My View on the Architectural Discipline that Specializes in Your Biggest Business Asset.

Information is an organizations biggest asset and yet so often it is not treated as such. Information Architecture is the architectural discipline that not only brings efficiencies and reduces informational risks and liabilities but enables Analytics, Artificial Intelligence and Machine Learning. Components that will give insights that create competitive advantages.

The information architect is responsible for architecting the information domain and I want share some of my thoughts and techniques to tackling this space.

Let’s start by exploring what is within the information domain. I look at information from the perspective of three categories: content, data and knowledge.


Unstructured information and includes: files, emails, documents, web content, records, publications…


Structured information and includes fields within tables…


Putting context around information…

It is one thing to have tools so that you can create, protect and use information but that is only the tip of the iceberg for this domain.

Let me back up a bit…

I want to travel back in history to really help get this concept across.

Creating information used to entail sitting down and typing or writing on a piece of paper and then taking it to a record clerk to file it away.

The record clerk would:

  • Create relationships among information,
  • File it so that it could be found,
  • Destroy it when it was no longer needed, and
  • Protect it so that it was only accessed by the appropriate personnel.

When you needed information it involved another trip to the record clerk.

The record clerk was responsible for a number of tasks but it was manageable because it wasn’t as easy to create information not to mention there was only one type, paper.

Travel forward to current day… it is soooo easy to create information and there are so many different types now.

Gone are the days of the record clerk, and in their place technology has been created to replicate the manual steps, for example:

  • Document Management systems were created to manage multiple copies and versions of documents,
  • Record Management systems were created to manage when something needed to be destroyed,
  • Security Classification was created to manage protection levels, who could access what,
  • Search Engines were created to find and access information across multiple storage locations,
  • Archiving technologies were created to improve performance,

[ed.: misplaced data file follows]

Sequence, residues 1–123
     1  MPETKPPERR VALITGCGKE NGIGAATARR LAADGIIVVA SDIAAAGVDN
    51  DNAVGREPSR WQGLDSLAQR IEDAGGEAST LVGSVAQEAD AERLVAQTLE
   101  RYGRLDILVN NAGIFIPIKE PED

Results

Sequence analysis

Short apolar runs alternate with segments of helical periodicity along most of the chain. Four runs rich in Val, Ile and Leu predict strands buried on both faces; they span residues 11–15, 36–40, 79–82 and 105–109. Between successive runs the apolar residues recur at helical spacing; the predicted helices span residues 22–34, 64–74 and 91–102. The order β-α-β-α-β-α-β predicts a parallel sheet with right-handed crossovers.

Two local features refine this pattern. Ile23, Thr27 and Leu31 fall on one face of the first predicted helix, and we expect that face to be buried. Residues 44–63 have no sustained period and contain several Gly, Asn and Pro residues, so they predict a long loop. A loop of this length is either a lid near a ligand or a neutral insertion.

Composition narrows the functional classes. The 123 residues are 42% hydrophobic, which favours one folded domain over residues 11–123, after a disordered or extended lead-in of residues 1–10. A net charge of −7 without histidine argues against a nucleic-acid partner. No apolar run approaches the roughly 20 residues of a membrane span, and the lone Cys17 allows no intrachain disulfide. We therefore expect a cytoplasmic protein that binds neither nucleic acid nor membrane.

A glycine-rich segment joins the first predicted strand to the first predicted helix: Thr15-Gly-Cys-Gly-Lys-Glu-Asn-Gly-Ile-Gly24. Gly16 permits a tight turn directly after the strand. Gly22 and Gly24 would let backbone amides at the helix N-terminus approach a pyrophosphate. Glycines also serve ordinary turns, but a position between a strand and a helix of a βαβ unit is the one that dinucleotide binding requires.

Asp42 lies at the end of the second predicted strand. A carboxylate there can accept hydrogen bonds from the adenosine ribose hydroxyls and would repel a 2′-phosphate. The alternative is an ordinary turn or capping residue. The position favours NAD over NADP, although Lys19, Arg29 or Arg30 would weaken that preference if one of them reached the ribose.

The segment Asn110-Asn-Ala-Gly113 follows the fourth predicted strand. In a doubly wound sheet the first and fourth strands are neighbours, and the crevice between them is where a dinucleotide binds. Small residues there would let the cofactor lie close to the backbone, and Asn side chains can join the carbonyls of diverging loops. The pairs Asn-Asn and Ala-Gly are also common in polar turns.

• eDiscovery was created to find relevant and reliable information for litigation,
  • Metadata functionality was created to let systems know what to do with the information,
  • … and the list goes on and on.

There is no way every employee can go through the training of a record clerk, to know which system to use for what, to build the relationships needed between information, and to classify and tag information so that can be filed, found and protected. Even if they could, information has a lifecycle and requires actions to be taken at various stages within that lifecycle. It was much easier for one individual or department to manage because they had their hands on all of it.

As you can see the easier it is to create information the more complex Information Management or IM becomes. The technology that has made it so easy for us to create information has now caused the iceberg below the surface to grow.

Honestly a big part of our problem is we continue to try and manage information using the same paper mentality and use technology to replicate the original manual steps. Information Management is not a “technical thing” and I continue to challenge the traditional IMIT thinking.

I have gone into organizations that say they are paper free but when you look under the hood they are still operating in a paper based environment:

  • They are storing PDFs which are just copies of paper and storing them in file folders.
  • Using naming conventions similar to a filing cabinet so that they can find information.
  • Buying bigger monitors and setting up multiple monitors so they can read through PDFs to find the information.
  • Printing off PDFs that have be scanned into electronic repositories.

Now that you understand how HUGE this area is and some of my thoughts behind the whole issue watch the following clip to understand how I introduce the Information Architect.

This clip is a subset from one of my lessons within the course on How To “Do” EA – Part III. The lesson focuses on how the Information Architect supports the Enterprise Architecture Practice and sets the stage for IM – the ability to manage and monitor information and determine when something is “unhealthy”

Information Architect Clip

Subscribe to get notification for my next post where I discuss the Business Architect versus the Business Analyst.

Published by

Lisa Pantuso

Lisa Pantuso is passionate about business transformation. She has worked with corporate leaders and executives over the past 30-years making their visions and strategies come to life. Having worked across Finance, Health, Justice, Social, Natural Resource and IT industries Lisa is qualified to help your organization. Lisa is known for creating results and "doing it right", sought after for her ability to lead and engage the full organization through change.